When I first began reading The Baker’s Daughter, I was struck right away by the realization that while I’ve read plenty of Holocaust literature, very little of it has been from the non-Jewish/non-Other perspective. The Holocaust seems to be one of those issues that is made out to be black and white, with no grey. Jew=good. German=bad. But few things in life are that simple. First of all, how about the fact that Jew and German often overlapped? Or the fact that Jews were merely a percentage of the total “Others” killed?
How much responsibility ought we place on a person that was emotionally vulnerable and easily brainwashed by propaganda, for whatever reason? It takes a special measure of strength to go against the tide, especially one as violent and threatening as the Nazi tide. That is why it is imperative to shine more light on the Righteous Gentiles, especially the Germans. Not all those Righteous Gentiles started out as Righteous. Some probably unwittingly took up the cause when they came face to face with the human side of the Nazi campaign, as Elsie did in the book. Idealogy is easy to subscribe to when the details are abstract but when the victim of that ideaology takes on the face of a child, a mother, a father, looking you in the eyes and pleading, the human instinct kicks in, or at least, it did for some Gentiles.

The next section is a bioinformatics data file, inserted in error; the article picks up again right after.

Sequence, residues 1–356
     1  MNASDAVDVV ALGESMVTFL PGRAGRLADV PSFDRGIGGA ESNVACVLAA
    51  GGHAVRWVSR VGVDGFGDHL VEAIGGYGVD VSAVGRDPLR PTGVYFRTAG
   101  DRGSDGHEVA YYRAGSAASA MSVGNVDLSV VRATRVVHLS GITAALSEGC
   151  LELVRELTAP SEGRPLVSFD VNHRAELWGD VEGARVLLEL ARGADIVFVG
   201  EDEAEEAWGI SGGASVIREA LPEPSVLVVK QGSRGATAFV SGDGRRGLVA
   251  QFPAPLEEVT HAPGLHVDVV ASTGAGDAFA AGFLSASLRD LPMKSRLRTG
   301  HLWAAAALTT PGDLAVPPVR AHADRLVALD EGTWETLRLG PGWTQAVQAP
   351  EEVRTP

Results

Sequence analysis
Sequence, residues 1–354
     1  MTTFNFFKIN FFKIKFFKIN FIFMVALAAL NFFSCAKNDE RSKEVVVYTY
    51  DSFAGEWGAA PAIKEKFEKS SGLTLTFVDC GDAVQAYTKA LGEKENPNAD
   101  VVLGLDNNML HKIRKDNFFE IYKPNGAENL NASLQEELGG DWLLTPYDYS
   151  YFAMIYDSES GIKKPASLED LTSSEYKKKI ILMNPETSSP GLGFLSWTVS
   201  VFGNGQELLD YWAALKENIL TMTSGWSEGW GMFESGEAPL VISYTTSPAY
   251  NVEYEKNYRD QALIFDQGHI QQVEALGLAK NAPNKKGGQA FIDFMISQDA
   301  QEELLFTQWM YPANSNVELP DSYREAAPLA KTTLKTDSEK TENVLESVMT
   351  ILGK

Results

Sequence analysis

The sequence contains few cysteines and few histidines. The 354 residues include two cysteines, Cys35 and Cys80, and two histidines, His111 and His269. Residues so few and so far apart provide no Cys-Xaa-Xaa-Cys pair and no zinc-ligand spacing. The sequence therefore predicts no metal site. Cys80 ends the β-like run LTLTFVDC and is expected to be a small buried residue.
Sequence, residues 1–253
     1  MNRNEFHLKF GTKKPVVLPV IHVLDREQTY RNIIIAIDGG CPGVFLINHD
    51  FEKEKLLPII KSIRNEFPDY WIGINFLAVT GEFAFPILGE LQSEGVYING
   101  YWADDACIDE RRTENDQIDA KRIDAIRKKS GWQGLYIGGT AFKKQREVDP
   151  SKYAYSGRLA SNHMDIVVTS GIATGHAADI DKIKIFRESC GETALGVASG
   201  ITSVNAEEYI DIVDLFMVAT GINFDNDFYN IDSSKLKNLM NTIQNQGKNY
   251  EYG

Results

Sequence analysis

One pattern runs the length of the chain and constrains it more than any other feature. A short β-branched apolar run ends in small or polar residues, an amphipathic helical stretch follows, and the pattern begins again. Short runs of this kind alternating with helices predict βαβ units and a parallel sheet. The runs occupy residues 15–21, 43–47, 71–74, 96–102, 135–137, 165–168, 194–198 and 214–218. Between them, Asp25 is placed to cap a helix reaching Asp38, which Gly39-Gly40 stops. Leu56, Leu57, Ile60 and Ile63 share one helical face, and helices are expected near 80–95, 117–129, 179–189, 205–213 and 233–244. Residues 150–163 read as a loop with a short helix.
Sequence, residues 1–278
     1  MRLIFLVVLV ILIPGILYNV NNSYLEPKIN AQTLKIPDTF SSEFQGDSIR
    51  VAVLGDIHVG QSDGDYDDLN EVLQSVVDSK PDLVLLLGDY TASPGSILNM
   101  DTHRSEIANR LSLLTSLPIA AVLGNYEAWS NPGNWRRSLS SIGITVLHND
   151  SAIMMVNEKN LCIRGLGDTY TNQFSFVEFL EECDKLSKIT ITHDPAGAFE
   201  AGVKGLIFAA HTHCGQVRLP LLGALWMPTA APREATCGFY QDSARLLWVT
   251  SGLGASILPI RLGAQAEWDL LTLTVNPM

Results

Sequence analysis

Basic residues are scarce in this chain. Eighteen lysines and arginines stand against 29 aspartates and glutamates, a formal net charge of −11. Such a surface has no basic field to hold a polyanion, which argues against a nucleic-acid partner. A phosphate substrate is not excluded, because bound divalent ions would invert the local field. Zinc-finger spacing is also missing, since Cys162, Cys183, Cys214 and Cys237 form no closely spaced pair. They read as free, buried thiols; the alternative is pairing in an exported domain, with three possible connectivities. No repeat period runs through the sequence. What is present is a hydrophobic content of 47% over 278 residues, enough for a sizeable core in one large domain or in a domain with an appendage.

I have a very good friend whose parents were born in Poland, and whose family still lives in Poland. Her family, along with others in their small Polish village, hid a Jewish schoolteacher during the war. (You can read that story here: http://www.tabletmag.com/jewish-arts-and-culture/books/107970/polish-village-secret). Another side of her family used to sneak bread under the fence to the Jews living in the Warsaw Ghetto. As a Jew, I find it important to know these stories, to know that in the face of incredible inhumanity, there were brave, brave souls who risked life and limb (literally) to shelter and rescue the persecuted among them.
But the lessons of the Holocaust are not translating to the modern day. Darfur, Rwanda, Srebrenica, to name just a few of the genocides that have occurred worldwide since the end of World War II. We rally, we spread awareness, we donate money. But I hope there are righteous people on the ground who help those poor souls in a way that money and exposure cannot. I have to believe there are but where are those stories?